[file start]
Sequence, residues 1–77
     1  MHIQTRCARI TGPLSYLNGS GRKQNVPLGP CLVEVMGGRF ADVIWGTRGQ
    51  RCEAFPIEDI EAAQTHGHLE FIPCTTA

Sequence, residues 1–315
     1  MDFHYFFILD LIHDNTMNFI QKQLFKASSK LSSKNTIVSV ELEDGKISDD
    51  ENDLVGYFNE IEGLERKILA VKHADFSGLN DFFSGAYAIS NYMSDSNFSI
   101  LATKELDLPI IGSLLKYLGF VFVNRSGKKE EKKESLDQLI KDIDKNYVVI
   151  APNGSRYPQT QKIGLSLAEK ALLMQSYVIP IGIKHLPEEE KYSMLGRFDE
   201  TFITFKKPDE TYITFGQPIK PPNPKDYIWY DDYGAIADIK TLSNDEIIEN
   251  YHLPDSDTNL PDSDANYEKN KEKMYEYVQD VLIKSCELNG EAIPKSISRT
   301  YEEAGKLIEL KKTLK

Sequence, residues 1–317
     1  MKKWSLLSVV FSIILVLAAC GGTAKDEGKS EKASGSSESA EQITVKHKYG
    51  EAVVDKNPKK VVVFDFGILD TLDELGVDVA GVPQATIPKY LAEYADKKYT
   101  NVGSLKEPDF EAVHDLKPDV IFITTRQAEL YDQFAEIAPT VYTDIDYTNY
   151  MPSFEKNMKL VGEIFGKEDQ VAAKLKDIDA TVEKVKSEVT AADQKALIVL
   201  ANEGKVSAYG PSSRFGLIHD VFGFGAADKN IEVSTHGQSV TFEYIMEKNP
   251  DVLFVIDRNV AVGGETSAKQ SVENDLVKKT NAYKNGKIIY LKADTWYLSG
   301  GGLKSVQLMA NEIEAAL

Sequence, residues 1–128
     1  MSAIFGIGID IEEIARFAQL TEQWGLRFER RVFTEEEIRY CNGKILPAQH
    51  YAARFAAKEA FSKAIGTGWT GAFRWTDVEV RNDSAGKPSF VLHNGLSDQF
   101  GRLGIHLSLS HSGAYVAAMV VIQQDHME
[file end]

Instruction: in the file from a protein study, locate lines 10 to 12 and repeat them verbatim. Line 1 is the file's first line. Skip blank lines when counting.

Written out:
   251  YHLPDSDTNL PDSDANYEKN KEKMYEYVQD VLIKSCELNG EAIPKSISRT
   301  YEEAGKLIEL KKTLK

Sequence, residues 1–317